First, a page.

Lisa Zenzen Baker, 1961-2003


Sunday, March 15, 2009

A million-dollar denial

Lawsuit settlement shows
hospital in its true colors

By David Baker
Posted Sunday, March 15, 2009

The news last week that Northeast Health, which operates Samaritan Hospital in Troy and Albany Memorial Hospital, has settled a lawsuit in which it was accused of conspiring with other Capital Region hospitals to keep all their nurses’ pay low is consistent with other actions that have been noted on this page. And even though Northeast Health continues to loudly deny the allegations, it has also agreed to pay $1.25 million to remove the company from the class-action claim. To most people, $1.25 million is an admission, no matter what the PR department says.

The lawsuit, filed in 2006 against hospitals in several U.S. cities, also names St. Peter’s Hospital, Albany Medical Center Hospital St. Mary’s Hospital in Troy, Ellis Hospital in Schenectady and St. Mary’s Hospital in Amsterdam. The lawsuit alleges that the defendants conspired to keep their nurses’ pay scales at almost the same levels, thus removing competition. According to the suit, the hourly rates at each hospital varied by less than a dollar, costing the nurses an average of $6,000 a year.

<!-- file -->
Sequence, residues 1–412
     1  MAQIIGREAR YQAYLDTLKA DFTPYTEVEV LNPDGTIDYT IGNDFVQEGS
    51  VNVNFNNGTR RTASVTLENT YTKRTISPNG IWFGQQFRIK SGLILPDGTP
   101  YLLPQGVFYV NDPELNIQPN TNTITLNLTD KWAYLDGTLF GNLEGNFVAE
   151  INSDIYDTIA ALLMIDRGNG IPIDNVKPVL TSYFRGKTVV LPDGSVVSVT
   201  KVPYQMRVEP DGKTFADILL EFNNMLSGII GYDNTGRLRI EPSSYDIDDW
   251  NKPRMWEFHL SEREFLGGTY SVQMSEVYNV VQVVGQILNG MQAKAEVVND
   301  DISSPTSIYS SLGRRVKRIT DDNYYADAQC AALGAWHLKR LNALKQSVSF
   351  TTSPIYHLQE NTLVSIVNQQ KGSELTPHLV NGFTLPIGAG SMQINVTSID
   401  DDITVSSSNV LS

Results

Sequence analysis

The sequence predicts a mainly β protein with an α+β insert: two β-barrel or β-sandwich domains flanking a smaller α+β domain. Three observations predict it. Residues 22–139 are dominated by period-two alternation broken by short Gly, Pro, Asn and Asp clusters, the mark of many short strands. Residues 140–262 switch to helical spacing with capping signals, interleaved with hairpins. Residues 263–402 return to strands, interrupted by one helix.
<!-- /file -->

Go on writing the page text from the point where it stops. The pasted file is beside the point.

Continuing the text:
The settlement requires Northeast Health to provide documents and allow depositions of its staff that can be used in the lawsuit that continues against the remaining Capital Region defendants. It has also agreed not to share information about current or future nurses’ earnings with the other hospitals.

The settlement comes a week after the announcement that by the end of the year St. Mary’s in Troy, St. Peter’s Hospital and Northeast Health will effectively merge into one entity under a single governing board.

This would seem to once again remove much of the competition each of them would otherwise face in hiring and retaining nurses.

The allegations in this lawsuit shouldn’t be a surprise to readers of this page. In an earlier posting it was pointed out that the apparent competition between the area’s hospitals was really a deliberate illusion. The post noted that although each of the hospitals advertises separately, an examination of their broadcast and print announcements revealed that each one would generally promote a different specialty, and that they would take turns in running their major advertising campaigns, thus keeping all their names in public view while at the same time maintaining a steady stream of revenue to a media that for the past 10 years has ignored virtually every malpractice lawsuit filed against those hospitals.

And now details of all those lawsuits are going to be available to everyone online. As Northeast has now tacitly acknowledged and will soon learn again, fighting claims when you clearly are wrong really isn’t good for your health.